Pegintron to Treat Plexiform Neurofibromas in Children and Young Adults
- Neurofibromatosis type I (NF1) is a genetic disease that results in the development of several types of tumors, including plexiform neurofibromas, tumors that involve a nerve and its branches.
- Surgical removal of all plexiform neurofibromas is not always possible because of the number or location of the tumors. There are no known medical treatments for the tumors.
- Peginterferon alfa-1b (Pegintron) is a sustained-release form of the drug interferon alfa-2b, which has caused tumor shrinkage in some patients with various types of cancer. It is approved by the Food and Drug Administration to treat hepatitis C.
- To determine if Pegintron can shrink or slow the growth of plexiform neurofibromas in children and young adults, or reduce pain or other problems they cause.
- To determine the side effects of Pegintron in children and young adults.
- To compare three methods of measuring plexiform neurofibromas.
- To evaluate the effect of Pegintron on blood proteins and expression of genes in gene blood cells.
-Patients between 18 months and 21 years of age with NF1 and an inoperable plexiform neurofibroma that can cause serious medical problems.
- Patients receive Pegintron by injection under the skin once a week for up to 1 year in 4-week treatment cycles as long as their tumor continues to grow and the drug is well tolerated. Patients who show benefit may extend treatment for another year.
During the study, patients undergo the following tests and evaluations:
- Physical examination before starting treatment, at 6 and 12 weeks after treatment, then every 4 months for the first year and every 6 months the second year.
- Blood tests before starting treatment, at 6 and 12 weeks after treatment, then every 4 months for the first year and every 6 months the second year to evaluate treatment side effects.
- Blood tests before starting treatment and after 4 months of treatment to evaluate the effects of Pegintron on blood proteins and expression of genes in the blood cells.
- MRI before starting treatment, then at 4, 8, 12, 18 and 24 months.
- Eye examinations in patients with orbital tumors before starting treatment, then at 4, 8, 12, 18 and 24 months.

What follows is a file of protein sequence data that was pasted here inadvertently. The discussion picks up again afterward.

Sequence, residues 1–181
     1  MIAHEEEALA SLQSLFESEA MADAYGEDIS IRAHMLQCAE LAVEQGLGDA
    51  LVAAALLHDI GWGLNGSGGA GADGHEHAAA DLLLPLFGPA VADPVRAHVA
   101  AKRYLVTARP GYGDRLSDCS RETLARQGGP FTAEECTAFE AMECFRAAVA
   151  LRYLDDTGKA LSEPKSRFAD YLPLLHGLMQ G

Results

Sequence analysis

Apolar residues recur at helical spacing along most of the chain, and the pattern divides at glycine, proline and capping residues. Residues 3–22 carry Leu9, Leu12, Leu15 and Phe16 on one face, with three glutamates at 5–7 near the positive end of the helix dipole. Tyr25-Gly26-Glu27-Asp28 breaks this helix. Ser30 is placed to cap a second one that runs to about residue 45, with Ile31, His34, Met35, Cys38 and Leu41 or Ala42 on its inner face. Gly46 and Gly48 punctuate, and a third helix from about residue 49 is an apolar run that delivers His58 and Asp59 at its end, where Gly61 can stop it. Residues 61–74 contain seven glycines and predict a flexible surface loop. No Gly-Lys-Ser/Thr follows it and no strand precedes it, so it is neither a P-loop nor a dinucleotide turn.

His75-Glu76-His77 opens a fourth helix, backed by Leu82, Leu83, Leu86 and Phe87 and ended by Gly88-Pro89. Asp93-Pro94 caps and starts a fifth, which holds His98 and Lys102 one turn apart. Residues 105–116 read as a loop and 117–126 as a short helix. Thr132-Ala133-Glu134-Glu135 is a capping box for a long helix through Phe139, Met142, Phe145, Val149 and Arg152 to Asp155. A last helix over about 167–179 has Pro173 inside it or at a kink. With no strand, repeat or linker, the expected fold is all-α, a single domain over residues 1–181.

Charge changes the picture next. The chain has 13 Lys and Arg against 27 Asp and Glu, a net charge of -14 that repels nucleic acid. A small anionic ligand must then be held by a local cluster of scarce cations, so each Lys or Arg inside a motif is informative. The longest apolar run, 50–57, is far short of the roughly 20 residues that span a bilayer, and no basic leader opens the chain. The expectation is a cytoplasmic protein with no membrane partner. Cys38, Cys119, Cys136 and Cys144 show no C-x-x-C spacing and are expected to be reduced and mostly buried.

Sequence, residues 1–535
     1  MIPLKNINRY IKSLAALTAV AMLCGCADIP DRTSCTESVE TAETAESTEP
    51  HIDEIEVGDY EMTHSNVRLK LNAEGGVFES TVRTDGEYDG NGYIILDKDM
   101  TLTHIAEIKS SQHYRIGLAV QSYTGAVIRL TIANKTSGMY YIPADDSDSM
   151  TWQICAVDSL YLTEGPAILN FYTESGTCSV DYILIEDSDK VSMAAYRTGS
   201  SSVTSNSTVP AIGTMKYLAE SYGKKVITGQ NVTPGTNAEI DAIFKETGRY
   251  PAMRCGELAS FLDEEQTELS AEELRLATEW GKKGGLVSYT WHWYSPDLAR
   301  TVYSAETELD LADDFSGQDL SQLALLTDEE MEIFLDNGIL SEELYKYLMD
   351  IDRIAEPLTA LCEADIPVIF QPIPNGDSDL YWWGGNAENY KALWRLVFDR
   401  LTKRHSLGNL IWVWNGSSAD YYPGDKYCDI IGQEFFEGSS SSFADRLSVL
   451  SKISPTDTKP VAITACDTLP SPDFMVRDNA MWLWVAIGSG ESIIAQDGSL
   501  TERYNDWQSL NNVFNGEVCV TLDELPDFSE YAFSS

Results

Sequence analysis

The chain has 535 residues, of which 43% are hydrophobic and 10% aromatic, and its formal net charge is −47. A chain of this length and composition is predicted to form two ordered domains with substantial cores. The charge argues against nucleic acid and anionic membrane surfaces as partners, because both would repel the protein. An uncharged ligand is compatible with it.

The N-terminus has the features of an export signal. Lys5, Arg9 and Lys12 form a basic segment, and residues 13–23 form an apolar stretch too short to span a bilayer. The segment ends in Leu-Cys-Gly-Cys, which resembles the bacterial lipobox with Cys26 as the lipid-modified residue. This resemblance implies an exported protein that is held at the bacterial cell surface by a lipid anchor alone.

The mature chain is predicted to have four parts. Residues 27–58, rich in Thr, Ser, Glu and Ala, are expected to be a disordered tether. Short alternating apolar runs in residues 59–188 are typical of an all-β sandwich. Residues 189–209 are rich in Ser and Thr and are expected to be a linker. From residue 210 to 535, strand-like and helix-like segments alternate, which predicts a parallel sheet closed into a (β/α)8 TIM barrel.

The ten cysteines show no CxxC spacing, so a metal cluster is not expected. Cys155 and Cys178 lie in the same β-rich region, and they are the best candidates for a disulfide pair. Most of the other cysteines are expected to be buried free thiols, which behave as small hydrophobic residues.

Neurofibromatosis Type 1
Drug: PEG-interferon alfa-2b
|Study Design:||Allocation: Non-Randomized
Endpoint Classification: Efficacy Study
Intervention Model: Single Group Assignment
Masking: Open Label
Primary Purpose: Treatment
|Official Title:||A Phase II Trial of Peginterferon Alpha-2b (PEG-Intron) for Neurofibromatosis Type 1 Related Unresectable, Symptomatic or Life-Threatening Plexiform Neurofibromas|
- Radiographic response (stratum 1) [ Designated as safety issue: No ]
- Radiographic and clinical response (stratum 2) [ Designated as safety issue: No ]
- Progression-free survival (stratum 3) [ Designated as safety issue: No ]
- Clinical and radiographic response (stratum3) [ Designated as safety issue: No ]
|Study Start Date:||May 2008|
|Estimated Study Completion Date:||March 2015|
|Estimated Primary Completion Date:||March 2015 (Final data collection date for primary outcome measure)|
Experimental: Strata 1 and 2
Patients receive PEG-interferon alfa-2b subcutaneously once a week for 4 weeks. Courses repeat every 4 weeks for up to 1 year in the absence of disease progression or unacceptable toxicity. Patients who achieve a partial or complete response may continue treatment for up to 2 years.
Drug: PEG-interferon alfa-2b
Experimental: Straum 3
Patients receive PEG-interferon alfa-2b as in strata 1 and 2. Courses repeat every 4 weeks in the absence of disease progression or unacceptable toxicity.
Drug: PEG-interferon alfa-2b
Hide Detailed Description